After the death of Botham Jean, should a Dallas officer be fired? Those decisions often take time.

Botham Shem Jean, left, was shot and killed in his apartment by Dallas police officer Amber Guyger, right.
Botham Shem Jean, left, was shot and killed in his apartment by Dallas police officer Amber Guyger, right.
Facebook/Kaufman County Sheriff’s Office via REUTERS

A dozen days after an unarmed black man was shot and killed in his apartment in Dallas, the white off-duty police officer who killed him remains on the job.

Officer Amber Guyger’s continued employment — she’s currently on paid administrative leave — has stoked the growing anger surrounding the unprecedented shooting and become a point of contention in the state’s highest-profile political campaign.

At a Dallas rally Friday night, Democratic U.S. Senate candidate Beto O’Rourke suggested she should be fired.

“I don’t understand given the actions how anyone can come to any other conclusion,” he told KDFW-TV.

Republican Sen. Ted Cruz later criticized that stance, saying he wished O’Rourke “and Democrats weren’t so quick to always blame the police officer.” He described the shooting as a tragedy and nightmare, but said we have a legal system in place to learn the facts.

Though Guyger already faces a charge of manslaughter, it’s not unusual for her to still have her job at this stage of the investigation. Police departments often struggle to balance giving a fair review of an officer’s actions and ensuring accountability after a seemingly-unjustified shooting or incident. While there have been cases, including some in Dallas, where officers are fired quickly after a shooting, the process usually takes time.

Still, in a case where the facts that have been made public seem to clearly put the officer in the wrong, many think 12 days is too long to wait for action.

On Sept. 6, Guyger returned to her apartment complex after a shift as a Dallas police officer, entered the wrong unit — exactly one floor above her own — and shot and killed the unarmed resident, 26-year-old Botham Shem Jean, according to her arrest affidavit. Guyger said she mistook the apartment for her own and thought Jean was an intruder; Jean’s family lawyer has said the officer’s statement is “demonstrably false.”

Since then, protests have erupted across the city, including at the Dallas Cowboys’ first home game of the season Sunday night, where activists marched with coffins to AT&T Stadium, according to The Dallas Morning News. The Dallas Police Department did not immediately respond to a request for comment on Guyger’s status.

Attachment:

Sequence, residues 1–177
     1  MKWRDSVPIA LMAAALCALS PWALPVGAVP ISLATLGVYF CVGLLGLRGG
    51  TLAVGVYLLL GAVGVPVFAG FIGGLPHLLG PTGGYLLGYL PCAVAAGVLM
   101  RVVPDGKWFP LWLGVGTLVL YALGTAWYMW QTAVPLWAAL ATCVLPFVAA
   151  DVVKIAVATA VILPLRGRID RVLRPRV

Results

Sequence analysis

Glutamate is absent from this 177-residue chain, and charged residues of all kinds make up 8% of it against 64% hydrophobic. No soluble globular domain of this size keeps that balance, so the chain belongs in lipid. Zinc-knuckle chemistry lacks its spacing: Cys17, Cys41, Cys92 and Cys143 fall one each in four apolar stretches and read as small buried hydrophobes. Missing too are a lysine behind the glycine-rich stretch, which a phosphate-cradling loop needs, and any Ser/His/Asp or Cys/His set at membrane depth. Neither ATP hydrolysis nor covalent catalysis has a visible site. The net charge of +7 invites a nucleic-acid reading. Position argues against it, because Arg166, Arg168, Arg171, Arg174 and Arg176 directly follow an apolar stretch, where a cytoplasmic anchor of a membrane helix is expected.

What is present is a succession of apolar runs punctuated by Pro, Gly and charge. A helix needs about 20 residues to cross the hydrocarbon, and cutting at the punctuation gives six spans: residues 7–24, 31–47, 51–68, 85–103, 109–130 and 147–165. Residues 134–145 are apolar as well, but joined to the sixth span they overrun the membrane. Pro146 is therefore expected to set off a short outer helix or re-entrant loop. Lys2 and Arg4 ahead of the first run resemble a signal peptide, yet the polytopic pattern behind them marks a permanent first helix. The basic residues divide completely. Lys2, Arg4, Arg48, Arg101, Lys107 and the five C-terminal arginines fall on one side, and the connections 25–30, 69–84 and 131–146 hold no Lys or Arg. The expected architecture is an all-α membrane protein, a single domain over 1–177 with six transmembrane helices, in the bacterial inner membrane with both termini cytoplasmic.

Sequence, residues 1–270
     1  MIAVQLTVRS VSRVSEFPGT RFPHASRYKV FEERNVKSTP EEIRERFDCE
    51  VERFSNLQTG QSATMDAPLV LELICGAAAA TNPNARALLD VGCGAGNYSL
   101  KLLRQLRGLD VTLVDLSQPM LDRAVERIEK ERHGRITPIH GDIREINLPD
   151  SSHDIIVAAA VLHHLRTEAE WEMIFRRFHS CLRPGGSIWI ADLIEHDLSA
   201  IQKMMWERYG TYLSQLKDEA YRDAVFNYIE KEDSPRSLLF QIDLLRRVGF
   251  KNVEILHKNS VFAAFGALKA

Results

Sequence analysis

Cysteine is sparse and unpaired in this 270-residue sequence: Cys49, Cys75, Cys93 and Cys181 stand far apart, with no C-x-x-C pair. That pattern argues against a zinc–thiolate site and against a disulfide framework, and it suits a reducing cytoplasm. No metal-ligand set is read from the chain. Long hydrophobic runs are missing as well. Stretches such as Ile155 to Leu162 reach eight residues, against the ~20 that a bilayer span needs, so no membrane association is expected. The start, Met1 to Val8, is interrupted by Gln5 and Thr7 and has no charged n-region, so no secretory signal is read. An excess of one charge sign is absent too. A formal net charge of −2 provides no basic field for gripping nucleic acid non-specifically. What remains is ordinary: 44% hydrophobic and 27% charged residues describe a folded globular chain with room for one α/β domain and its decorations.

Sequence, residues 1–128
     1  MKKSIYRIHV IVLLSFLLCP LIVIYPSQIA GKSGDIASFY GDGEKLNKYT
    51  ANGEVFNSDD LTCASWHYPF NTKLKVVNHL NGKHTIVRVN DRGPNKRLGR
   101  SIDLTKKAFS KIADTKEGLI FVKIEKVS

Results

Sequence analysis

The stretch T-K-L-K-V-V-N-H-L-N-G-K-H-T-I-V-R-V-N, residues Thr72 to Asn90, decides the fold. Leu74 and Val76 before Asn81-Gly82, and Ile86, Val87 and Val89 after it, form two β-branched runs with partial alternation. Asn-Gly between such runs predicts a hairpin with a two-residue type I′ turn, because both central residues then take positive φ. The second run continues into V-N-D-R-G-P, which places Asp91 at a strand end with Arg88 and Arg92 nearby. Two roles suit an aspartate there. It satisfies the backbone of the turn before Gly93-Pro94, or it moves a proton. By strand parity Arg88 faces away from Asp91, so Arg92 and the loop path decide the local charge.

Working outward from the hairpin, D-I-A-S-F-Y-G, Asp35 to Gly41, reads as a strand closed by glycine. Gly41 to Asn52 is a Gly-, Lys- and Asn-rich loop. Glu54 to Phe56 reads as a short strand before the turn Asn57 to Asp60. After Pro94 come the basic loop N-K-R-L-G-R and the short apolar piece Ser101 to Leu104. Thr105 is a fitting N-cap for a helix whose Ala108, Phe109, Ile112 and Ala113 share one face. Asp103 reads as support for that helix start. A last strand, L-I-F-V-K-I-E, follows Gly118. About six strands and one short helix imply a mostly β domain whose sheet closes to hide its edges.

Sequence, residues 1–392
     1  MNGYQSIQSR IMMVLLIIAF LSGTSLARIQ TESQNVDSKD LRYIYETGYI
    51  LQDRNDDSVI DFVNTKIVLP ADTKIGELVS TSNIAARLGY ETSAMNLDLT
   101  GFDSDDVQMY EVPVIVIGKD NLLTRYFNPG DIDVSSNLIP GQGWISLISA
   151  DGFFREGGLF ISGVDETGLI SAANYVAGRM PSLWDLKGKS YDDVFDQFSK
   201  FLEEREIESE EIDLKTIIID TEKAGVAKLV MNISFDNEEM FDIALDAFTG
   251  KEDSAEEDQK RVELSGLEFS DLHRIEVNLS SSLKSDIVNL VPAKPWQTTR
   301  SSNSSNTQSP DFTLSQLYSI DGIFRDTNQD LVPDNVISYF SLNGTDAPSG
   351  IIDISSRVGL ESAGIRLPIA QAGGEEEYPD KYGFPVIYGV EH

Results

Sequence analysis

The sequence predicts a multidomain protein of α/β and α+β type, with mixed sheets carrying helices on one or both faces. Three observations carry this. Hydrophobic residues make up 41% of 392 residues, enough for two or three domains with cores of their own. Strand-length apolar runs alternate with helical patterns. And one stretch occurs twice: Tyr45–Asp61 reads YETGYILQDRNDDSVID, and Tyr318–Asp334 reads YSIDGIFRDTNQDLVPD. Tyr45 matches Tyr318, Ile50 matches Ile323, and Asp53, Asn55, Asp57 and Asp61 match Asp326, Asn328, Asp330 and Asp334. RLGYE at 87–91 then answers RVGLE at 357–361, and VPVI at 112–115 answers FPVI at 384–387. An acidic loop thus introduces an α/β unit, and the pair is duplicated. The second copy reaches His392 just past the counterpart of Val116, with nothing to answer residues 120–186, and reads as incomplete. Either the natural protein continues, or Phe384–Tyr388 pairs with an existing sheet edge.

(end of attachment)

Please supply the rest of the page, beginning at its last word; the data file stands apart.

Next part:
The city’s reaction stands in stark contrast to the Balch Springs shooting death of 15-year-old Jordan Edwards last year. The officer, Roy Oliver, was fired by the smaller Dallas County department three days after the shooting and sentenced to 15 years in prison on a murder conviction last month.

But Oliver’s firing, and entire case, moved fast. Often, disciplinary action takes time, if it happens at all. In El Paso, for example, off-duty police officer Jorge Gonzalez was indicted in 2011 after he shot and paralyzed a man who rear-ended him, but he continued to work for the city police department until he he was fired in 2014 for unrelated reasons.

In Dallas, three officers indicted on misdemeanor charges in the 2016 death of an unarmed man high on cocaine are still employed by the department, according to The News. Another was fired weeks after he was indicted on an aggravated assault charge in June 2017 resulting from a fatal shooting five months earlier.

The reason for the delay often stems from internal processes, potential appeals and the departmental investigation taking a backseat to the criminal investigation, according to Howard Williams, a former police chief in San Marcos and a criminal justice lecturer at Texas State University.

“There are laws that protect the employee … you don’t want to jump in right away and make a hasty decision,” Williams said. “[The decision] has to happen in its own time through its own process, and you have to be very careful not to let the internal process interfere with the criminal one.”

Dallas, however, has taken relatively quick disciplinary action against officers in the past. Officers Amy Wilburn and Cardan Spencer were both fired in 2013 by former Chief David Brown within three weeks of nonfatal shootings — before their eventual criminal indictments and guilty pleas. Another officer fired in 2014 after allegedly using excessive force with a panhandler, however, was rehired after a grand jury declined to indict him, The News reported.

Charley Wilkison, head of the Combined Law Enforcement Associations of Texas, said he’s sure the police department is following the rules, but that doesn’t mean there won’t be action.

“They don’t mind firing cops in Dallas; they do it all the time,” he said.

But coming on the heels of a murder conviction for another fatal shooting of a black person, Jean’s family and attorneys are demanding results now.

“She should not still be on the payroll for the City of Dallas,” said Lee Merritt, Jean’s family attorney who also represents Jordan Edwards’ family, at a press conference on Friday. “The City of Dallas needs to send out a message that there’s no place for a woman like that on the police force. This is non-negotiable.”

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